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The Spike or Victoria University College Review June 1925

Gowns For Undergraduates

Gowns For Undergraduates

This entrancing suggestion, the impracticability of which has hitherto been so taken for granted that the Debating page 53 Society (of pre-war days, needless to say) could actually discuss it without provoking adverse comment, was considered at the 1925 Annual Meeting of the Students' Association and solemnly adopted as a recommendation to the Professorial Board. The Professorial Board, wisely recognising that the fulness of time had yet to arrive for the distinctive habiliment of V.U.C. students, smiled politely (we hope) and said No; so that the "Spike" need have no fear of being kept awake during office hours by urgent applications from drapery firms for advertising space in its pages. The following account of the discussion at the Annual Meeting is contributed by a student who admits a strong antipathy to ceremonial attire:—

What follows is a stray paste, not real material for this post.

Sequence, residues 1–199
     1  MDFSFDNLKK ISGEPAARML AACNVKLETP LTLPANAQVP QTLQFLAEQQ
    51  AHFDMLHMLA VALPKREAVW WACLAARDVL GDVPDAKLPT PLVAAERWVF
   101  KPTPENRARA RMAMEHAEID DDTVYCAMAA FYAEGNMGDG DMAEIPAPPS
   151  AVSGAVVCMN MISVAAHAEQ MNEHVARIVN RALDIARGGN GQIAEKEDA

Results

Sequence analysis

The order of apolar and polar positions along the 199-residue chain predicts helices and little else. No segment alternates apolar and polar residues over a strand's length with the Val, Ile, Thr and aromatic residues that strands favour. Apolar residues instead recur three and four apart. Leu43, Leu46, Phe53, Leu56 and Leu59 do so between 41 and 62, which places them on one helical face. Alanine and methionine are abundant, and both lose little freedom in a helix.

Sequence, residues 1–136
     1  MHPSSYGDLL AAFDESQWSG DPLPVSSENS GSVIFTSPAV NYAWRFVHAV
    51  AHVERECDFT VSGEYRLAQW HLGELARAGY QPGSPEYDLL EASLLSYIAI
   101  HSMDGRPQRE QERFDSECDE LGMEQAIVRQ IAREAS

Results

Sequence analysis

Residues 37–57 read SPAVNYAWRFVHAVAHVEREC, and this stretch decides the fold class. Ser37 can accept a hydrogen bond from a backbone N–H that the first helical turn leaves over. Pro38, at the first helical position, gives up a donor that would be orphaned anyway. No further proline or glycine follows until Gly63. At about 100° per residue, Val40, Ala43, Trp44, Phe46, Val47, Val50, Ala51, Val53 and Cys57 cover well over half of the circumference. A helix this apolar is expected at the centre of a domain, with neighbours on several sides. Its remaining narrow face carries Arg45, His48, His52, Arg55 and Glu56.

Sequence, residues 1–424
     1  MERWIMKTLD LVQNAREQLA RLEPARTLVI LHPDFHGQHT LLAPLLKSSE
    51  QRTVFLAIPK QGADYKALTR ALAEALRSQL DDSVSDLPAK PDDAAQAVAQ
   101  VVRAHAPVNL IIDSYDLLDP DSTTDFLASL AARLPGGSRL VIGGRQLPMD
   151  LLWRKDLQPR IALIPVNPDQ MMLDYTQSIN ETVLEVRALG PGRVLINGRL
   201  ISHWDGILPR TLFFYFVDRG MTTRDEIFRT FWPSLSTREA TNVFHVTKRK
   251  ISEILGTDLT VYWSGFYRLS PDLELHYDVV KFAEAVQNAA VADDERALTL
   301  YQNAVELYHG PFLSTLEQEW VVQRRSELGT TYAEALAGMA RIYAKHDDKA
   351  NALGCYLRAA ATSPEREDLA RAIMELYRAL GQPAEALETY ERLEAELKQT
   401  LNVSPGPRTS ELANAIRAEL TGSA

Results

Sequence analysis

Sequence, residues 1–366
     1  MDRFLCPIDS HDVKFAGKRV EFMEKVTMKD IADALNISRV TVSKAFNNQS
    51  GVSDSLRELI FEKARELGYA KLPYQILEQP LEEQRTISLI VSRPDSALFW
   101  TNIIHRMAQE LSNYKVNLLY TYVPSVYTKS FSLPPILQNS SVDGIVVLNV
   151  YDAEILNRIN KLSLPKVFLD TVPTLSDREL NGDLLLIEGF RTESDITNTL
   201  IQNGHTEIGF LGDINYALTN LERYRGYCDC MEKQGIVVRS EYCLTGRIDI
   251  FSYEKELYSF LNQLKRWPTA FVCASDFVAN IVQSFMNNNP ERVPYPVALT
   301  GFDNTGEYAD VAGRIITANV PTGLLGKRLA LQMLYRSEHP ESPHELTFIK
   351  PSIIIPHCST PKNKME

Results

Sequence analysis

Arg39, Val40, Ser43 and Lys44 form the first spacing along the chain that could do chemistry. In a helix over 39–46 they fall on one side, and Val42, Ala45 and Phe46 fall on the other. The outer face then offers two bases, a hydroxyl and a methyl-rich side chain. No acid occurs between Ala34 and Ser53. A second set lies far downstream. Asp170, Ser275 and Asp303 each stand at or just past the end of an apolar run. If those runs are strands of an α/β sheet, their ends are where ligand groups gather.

"The prime instigator of the innovation was Mr. G. O. Cooper, who invited us to urge the College Council to make compulsory the wearing of gowns by all undergraduates. The proposition was shown to rest upon a number of grounds. First, the cost would not be great, at any rate not after the thing got so thoroughly in swing that second-hand garments would be purchasable; secondly, there was ample precedent; thirdly, prolonged discussion seemed likely and he would not detain the meeting. The seconder, Mr. Coningham, naturally felt that the mover's exhaustive and powerful treatment of the subject absolved him from the necessity of making a lengthy speech. He did, however, make the excellent point that gowns would enable us to wear our dress suits in lectures, with immunity from unkind gibes, if at a late hour we were due to attend a function at Government House or the Victoria University College gymnasium, in which case we would, of course, be obliged to appear in that decorous garb. Another speaker reminded us, with unanswerable logic, that even if gowns cost five guineas apiece, no undue hardship need ensue, since 'nobody is compelled to attend a University unless he can afford to.' The motion was carried!"